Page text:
Apr 27, 2023
If you’ve looked at Fructifi, you probably know that one of its main features of the application is its ability to detect the risk that a customer may currently stop buying your products and services.
This is achieved by predicting the date of the next order of each customer, based on their past buying behavior, and comparing this information with what has already been happening in real life. Accordingly, there are 3 possible risk statuses:
Having this information is great, but more important is what to do with it. In the next 3 articles, we will focus on the actual strategies a salesperson should take when interacting with a customer in each of these risk statuses. We will start with customers at risk, because they are the ones where an action has the highest return on investment. Then we will continue with churned customers, and end on a positive note with the active customers.
So… What strategy should you use to encourage at-risk customers to get back into the active category?
The first step is to identify the root cause of the customer’s change of behavior. Ask questions. Find out what is going on. As we have seen in our previous post, customers can leave for many different reasons, or a combination of reasons. You should understand exactly what these are. Don’t hesitate to use other information collection methods, such as checking into the CRM for past interactions or conducting surveys - these can also be quite illuminating.
Once the root cause of the customer’s dissatisfaction has been identified, you should develop a tailored solution that addresses the specific needs of the customer. This is about offering a customized product or service that resonates with the customer. It could involve providing additional support or training, implementing changes to the ordering or delivery process, or even offering a completely new product or service that better suits the customer's needs. As long as it clearly answers the customer’s stated need, you are in the best position.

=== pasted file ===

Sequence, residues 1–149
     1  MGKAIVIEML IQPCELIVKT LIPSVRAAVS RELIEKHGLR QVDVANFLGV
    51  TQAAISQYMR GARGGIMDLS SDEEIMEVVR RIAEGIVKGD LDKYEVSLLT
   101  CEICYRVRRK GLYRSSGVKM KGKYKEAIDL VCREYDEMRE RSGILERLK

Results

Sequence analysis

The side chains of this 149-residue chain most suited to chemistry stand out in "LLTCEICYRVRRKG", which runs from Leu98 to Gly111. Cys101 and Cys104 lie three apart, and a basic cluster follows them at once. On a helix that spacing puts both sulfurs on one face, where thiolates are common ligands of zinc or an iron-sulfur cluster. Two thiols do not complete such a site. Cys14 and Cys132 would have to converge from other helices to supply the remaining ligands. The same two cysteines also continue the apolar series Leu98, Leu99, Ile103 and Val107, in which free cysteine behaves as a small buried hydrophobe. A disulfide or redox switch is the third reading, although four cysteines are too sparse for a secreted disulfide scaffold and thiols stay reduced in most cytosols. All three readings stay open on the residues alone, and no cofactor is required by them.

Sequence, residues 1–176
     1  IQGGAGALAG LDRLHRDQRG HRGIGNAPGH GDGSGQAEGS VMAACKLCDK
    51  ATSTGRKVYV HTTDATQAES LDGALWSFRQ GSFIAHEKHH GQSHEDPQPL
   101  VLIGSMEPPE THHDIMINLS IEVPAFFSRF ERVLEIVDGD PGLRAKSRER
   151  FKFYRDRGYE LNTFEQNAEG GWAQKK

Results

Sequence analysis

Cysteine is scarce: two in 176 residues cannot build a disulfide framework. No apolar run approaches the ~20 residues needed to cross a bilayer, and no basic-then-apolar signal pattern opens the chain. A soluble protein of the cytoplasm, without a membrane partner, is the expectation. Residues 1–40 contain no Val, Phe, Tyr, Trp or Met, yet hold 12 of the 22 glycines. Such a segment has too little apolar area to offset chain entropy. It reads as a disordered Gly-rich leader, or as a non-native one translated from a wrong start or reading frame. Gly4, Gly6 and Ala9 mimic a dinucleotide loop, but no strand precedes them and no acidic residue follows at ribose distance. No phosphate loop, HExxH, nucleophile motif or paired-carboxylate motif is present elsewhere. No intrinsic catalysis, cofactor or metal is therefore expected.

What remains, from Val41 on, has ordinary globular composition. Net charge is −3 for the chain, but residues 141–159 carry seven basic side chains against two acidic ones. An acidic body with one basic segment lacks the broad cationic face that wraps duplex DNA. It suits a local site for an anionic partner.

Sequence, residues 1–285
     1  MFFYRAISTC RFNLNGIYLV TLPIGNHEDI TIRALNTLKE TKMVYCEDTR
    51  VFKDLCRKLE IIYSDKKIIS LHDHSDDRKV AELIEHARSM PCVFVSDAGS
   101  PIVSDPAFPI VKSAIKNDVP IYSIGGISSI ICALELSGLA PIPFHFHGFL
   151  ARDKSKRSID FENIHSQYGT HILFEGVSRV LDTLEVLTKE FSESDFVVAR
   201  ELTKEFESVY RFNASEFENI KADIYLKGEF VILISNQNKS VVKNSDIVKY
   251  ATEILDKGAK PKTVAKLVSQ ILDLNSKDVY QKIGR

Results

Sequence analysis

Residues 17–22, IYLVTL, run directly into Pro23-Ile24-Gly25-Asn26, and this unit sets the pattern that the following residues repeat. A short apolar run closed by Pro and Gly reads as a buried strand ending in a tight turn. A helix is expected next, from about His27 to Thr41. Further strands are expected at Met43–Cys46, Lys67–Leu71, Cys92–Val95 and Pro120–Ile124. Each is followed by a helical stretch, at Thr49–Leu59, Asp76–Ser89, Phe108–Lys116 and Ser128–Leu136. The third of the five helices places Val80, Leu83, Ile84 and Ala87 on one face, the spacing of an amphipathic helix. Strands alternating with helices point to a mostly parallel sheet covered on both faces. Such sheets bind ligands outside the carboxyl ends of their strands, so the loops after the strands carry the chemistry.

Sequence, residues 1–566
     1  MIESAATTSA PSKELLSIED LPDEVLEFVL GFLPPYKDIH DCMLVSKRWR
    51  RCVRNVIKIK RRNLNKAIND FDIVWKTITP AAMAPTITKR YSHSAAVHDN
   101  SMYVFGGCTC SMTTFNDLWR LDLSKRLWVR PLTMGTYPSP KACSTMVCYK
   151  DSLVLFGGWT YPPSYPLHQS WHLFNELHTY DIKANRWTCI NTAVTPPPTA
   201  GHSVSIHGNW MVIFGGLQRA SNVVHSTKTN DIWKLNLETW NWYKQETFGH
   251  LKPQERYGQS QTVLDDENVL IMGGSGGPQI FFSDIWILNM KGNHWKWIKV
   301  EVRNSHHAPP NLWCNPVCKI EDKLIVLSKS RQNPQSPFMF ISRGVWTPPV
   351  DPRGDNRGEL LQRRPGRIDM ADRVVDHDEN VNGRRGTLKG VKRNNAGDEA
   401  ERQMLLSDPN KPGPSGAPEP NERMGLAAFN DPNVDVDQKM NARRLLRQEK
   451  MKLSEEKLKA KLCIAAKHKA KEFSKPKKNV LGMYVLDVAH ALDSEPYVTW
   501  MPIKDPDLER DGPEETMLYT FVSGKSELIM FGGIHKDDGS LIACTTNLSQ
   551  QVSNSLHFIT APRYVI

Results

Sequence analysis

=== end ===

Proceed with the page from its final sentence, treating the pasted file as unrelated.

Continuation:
To really entice the customer to start ordering again, consider offering incentives that are hard to resist. These could take the form of discounts, free trials, or upgraded services. Your goal here is to build trust and demonstrate your commitment to the customer's success. It's all about making the customer feel that they are getting a unique deal they simply cannot pass.
Also make sure to keep in regular contact: this is key to maintaining a strong relationship. Customers who feel that they are important to you will stick around longer. This regular interaction can take many forms, from personalized emails to regular phone calls and in-person meetings. We suggest picking the right method depending on the value of the customer: VIPs deserve your full time and attention, while small clients can potentially be handled via automation. During these interactions, check in on the customer's satisfaction and address any concerns in real time - or even before they appear!
Finally, always aim your focus on long-term value rather than solely on short-term goals. Addressing immediate concerns is good, but if you only do that you will end up constantly extinguishing fires. Instead, you should work to build long-term, fruitful relationships with your beloved B2B customers. This means understanding each customer’s needs and goals and working to provide solutions that will help them achieve success over the long term. Including providing advice on aspects that may not be under your direct control - your knowledge of the ecosystem is very valuable to your customer! By demonstrating your commitment to the customer's success, you can build trust and encourage repeat business.
So there you have it: listening to the customer’s needs, finding a tailored solution that answers these needs and providing incentives to encourage immediate buying action. And then communicate regularly, with the aim of creating long-term value. This should be your strategy - apply it and you will soon see your customer churn rate fall and your sales increase!
Proudly incubated in Paris at